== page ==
https://www.gov.uk/government/public...using-payments
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  3. #13
    Just a quick question nukecad if you move to a sheltered housing flat does universal credit pay the rent or do you apply through your local council I’ve seen online different answers online because it’s sheltered housing and finally do you get the full amount of rent for sheltered housing many thanks

  4. #14
    Senior Member nukecad's Avatar
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    It's not as simple as that, and it's something people often get confused about (and wrong about).

    The rule is not "Sheltered" accomodation, it's "Specified" accommodation.

    "Specified" accommodation includes "Supported" accomodation; where "care, support or supervision" is available and actually needed/used by the claimant.
    People get mixed up between 'Sheltered' and 'Supported', and so talk about the wrong thing.

    See sections 4 and 5 of this (It's from 2018 so there may have been a few changes since):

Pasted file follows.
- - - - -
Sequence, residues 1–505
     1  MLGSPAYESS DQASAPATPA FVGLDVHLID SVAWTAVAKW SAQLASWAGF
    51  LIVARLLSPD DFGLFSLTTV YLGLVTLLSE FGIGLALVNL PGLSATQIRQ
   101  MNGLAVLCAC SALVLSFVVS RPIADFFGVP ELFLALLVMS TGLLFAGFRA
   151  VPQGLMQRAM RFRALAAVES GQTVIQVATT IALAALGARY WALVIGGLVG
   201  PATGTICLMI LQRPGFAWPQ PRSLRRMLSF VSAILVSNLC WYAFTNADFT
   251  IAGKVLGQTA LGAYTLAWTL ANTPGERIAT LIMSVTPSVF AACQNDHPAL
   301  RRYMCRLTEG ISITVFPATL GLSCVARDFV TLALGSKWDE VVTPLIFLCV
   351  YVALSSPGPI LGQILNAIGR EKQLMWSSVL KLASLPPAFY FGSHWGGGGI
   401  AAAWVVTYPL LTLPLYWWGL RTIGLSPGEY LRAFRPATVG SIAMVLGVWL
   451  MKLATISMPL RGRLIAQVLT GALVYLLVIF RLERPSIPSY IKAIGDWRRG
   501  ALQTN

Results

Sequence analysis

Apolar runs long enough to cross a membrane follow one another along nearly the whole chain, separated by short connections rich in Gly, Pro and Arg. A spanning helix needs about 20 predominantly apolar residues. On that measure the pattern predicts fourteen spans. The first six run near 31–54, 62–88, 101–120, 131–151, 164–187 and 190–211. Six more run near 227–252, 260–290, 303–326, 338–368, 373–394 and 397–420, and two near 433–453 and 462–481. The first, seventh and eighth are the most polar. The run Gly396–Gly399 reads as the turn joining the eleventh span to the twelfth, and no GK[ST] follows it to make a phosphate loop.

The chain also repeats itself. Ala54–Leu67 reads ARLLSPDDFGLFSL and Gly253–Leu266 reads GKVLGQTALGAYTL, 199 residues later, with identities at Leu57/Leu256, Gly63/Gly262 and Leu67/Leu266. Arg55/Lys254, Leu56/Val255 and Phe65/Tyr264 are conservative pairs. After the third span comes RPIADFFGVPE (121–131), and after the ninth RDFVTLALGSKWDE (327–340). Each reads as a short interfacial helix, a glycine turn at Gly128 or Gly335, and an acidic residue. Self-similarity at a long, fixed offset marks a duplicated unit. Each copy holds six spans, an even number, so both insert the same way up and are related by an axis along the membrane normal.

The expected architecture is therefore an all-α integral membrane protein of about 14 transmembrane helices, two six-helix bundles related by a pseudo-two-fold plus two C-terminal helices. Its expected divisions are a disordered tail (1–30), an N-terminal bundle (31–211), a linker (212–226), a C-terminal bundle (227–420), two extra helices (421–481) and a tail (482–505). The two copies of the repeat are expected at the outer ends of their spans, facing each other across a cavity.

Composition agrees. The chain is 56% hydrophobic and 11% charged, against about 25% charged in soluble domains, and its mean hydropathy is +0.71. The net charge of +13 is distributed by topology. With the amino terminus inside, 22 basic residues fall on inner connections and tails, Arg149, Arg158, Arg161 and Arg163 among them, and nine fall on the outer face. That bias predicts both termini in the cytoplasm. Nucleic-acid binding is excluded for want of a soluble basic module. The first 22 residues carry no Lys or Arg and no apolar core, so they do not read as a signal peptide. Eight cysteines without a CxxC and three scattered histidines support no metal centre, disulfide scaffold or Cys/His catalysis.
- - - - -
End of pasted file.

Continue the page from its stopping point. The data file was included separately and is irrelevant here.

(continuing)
http://s3-eu-west-1.amazonaws.com/pu...ugust_2018.pdf
    • The care, support or supervision must not be a ‘trifling’ amount – it must make a difference to the claimant’s ability to maintain the tenancy.
    • It’s not enough that the care, support or supervision is available, the claimant must actually take advantage of it – or, if the benefit decision is being made at the beginning of the tenancy before there is any evidence, it must be likely the claimant will do so.
    • The claimant must actually need the care, support or supervision – if it’s provided and the claimant does not actually need it, it doesn’t count.